RSA Security Submits Expert Commentary on National Strategy To Secure Cyberspace

Input Into U.S. Government Plan Centers Around Securing Virtual Private Networks, the Use of Multiple Authentication Technologies and Funding For Public/Private Cybersecurity Initiatives

BEDFORD, Mass., Nov. 18 /PRNewswire-FirstCall/ — RSA Security Inc. (Nasdaq: RSAS), the most trusted name in e-security(R), today submitted commentary and recommendations to the White House regarding the administration’s recently issued National Strategy to Secure Cyberspace. The company provided overall high marks for the draft strategy while offering specific suggestions relating to securing virtual private networks (VPNs), allowing for multiple authentication technologies and calling for funding of public/private cybersecurity initiatives.

The National Strategy to Secure Cyberspace is a plan that was developed by Richard Clarke, the President of the United States’ special advisor of cyberspace security and the President’s Critical Infrastructure Protection Board to provide steps that both public and private sectors must take to secure electronic communications, transactions and infrastructure against fraud, identity theft and terrorism. The first draft of the strategy was issued on September 18, 2002 with public comments due back to the Administration on November 18, 2002.

“RSA Security applauds the Bush Administration and Richard Clarke’s office for having the foresight to spearhead such an important initiative,” said RSA Security’s vice president of worldwide marketing, John Worrall. “While information infrastructure is one of our country’s most valuable assets, it can also be vulnerable to identity theft, fraud and terrorism if not properly protected. We’re pleased the administration opened up a dialogue with the private sector, and gave us the opportunity to share our input and expertise.”

RSA Security provided a range of suggestions and supporting comments to the strategy document, including three primary recommendations centered around securing VPNs, provisions for multiple authentication technologies and funding for public/private cybersecurity initiatives and standards development.

Securing VPNs: RSA Security recommended the strategy include specific direction on appropriate security measures for VPNs, many of which today only use static passwords for access. “VPNs offer a significant convenience for today’s mobile workers, but single-factor password security simply isn’t enough,” said Worrall. “In fact, we believe that ‘password guessing’ remains the most common form of network vulnerability.” RSA Security advised the Administration to include language recommending strong authentication for VPNs and internetworking devices as a requirement rather than an optional security enhancement.

Multiple Authentication Methods: The draft strategy includes language recommending that federal departments work to deploy common physical and logical access control tools and authentication mechanisms for simplicity and interoperability. “We agree 100 percent with the motive — better interoperability and consistency — but RSA Security believes the federal government, as well as industry, needs to accommodate multiple methods of authentication technology designed to fit the security requirements of specific applications,” Worrall said. “A flexible authentication framework should be the common goal-with interoperability integral to the authentication infrastructure and ability to use a variety of authentication mechanisms — including smart cards, smart badging, digital certificates, tokens and, when appropriate, passwords,” Worrall added.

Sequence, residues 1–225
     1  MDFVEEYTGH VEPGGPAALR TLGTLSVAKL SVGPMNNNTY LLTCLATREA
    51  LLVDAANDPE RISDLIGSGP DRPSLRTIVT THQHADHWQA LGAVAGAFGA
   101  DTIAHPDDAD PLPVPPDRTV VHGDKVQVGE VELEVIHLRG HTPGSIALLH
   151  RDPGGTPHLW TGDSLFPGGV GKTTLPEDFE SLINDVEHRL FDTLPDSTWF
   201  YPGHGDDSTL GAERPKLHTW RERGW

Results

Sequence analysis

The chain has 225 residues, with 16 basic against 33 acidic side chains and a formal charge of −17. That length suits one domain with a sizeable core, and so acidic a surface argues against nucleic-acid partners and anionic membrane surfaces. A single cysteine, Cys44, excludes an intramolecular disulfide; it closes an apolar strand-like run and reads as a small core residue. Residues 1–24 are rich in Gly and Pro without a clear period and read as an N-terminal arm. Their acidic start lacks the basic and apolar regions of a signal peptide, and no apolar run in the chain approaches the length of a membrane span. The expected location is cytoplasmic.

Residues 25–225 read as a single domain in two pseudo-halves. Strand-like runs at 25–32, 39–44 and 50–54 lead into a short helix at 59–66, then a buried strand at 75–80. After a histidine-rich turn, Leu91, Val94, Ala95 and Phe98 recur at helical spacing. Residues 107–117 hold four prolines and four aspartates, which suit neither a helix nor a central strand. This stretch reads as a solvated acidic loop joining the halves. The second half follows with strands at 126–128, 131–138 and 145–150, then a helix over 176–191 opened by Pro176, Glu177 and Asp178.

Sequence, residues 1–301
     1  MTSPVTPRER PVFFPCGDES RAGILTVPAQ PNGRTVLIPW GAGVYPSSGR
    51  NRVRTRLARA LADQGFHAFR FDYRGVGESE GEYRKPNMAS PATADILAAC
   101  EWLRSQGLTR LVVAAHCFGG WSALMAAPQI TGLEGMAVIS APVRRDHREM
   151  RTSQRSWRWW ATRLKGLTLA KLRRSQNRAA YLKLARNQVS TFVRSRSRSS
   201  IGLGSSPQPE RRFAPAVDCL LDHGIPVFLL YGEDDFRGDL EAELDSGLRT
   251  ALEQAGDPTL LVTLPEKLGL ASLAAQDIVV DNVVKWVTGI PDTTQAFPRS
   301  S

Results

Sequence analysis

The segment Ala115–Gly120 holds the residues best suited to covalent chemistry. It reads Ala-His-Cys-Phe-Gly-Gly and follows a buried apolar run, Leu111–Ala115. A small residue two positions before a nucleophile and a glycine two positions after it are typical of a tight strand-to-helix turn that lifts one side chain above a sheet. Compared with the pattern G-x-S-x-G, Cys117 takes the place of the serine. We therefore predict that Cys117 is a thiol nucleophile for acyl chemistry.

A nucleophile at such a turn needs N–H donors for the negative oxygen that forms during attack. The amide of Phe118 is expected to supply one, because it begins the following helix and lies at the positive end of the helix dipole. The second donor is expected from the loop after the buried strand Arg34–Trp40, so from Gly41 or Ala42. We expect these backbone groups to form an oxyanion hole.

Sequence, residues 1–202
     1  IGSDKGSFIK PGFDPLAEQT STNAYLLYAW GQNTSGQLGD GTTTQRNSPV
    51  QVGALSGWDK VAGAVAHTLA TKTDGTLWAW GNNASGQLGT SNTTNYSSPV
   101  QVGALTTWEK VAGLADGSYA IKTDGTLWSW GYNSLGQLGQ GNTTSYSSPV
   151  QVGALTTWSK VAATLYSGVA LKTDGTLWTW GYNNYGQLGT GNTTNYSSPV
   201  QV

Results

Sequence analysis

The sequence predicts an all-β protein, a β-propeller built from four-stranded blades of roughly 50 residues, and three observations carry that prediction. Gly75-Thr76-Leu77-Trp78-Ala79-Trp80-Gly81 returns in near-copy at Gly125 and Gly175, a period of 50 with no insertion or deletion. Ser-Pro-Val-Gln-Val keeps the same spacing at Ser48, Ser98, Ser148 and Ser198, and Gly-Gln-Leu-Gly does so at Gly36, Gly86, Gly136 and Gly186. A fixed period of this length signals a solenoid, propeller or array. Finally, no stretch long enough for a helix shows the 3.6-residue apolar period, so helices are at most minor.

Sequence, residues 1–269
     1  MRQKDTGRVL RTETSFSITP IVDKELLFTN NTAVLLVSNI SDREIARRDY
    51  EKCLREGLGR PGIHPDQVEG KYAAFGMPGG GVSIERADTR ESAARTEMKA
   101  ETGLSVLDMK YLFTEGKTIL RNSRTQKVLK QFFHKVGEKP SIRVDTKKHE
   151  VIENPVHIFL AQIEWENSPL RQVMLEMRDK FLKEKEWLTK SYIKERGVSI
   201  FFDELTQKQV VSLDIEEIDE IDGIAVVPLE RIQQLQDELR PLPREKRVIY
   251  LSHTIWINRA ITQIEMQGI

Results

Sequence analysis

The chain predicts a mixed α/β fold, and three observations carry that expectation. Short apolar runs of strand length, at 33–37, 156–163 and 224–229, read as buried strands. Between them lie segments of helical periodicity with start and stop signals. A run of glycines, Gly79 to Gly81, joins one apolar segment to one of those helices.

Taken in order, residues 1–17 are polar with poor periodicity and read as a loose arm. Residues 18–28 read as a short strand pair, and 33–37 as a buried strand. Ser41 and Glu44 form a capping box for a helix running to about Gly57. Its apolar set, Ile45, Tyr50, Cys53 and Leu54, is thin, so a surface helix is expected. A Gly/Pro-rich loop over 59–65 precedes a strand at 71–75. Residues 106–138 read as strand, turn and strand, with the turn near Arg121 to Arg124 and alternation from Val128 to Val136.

Allocation of Funding: RSA Security’s final recommendation centered around the need for funding that will allow organizations to put into place the security measures necessary for successful implementation of the strategy. To raise the bar for security in the long term, the company’s recommendation specifically called out the need for partnerships that will ensure high-caliber private-sector security experts are engaged in standards development. In the near term, the company encouraged federal grants for cybersecurity lab research, education, and training at universities, and urged the government and commercial sectors to look for opportunities within current budgets to fund cybersecurity initiatives. “Good security is often about what you don’t see — what’s prevented by good security measures,” said Worrall. “Ongoing vision and leadership reflected in these recommendations is essential to ensure that appropriate funding is provided.”

Richard Clarke’s office will be reviewing public sector comments and incorporating them as appropriate before submitting a final version to the president.

About RSA Security Inc.
With more than 8,000 customers around the globe, RSA Security Inc. is recognized as the strategic e-security partner to the largest and most successful companies leveraging the Internet to grow their businesses and improve their bottom line. Our comprehensive portfolio of e-security solutions — including authentication, Web access management and developer toolkits — enables organizations to fully realize the revenue opportunities and operational improvements of e-business while protecting critical information from unauthorized access and other forms of malicious intent. RSA Security’s strong reputation is built on its history of innovation and leadership, award-winning solutions, and long-standing relationships with more than 1,000 technology partners. For more information on RSA Security, please visit http://www.rsasecurity.com.

NOTE: RSA, RSA Security and The Most Trusted Name in e-Security are either registered trademarks or trademarks of RSA Security Inc. in the United States and/or other countries. All other products and services mentioned are trademarks of their respective companies.




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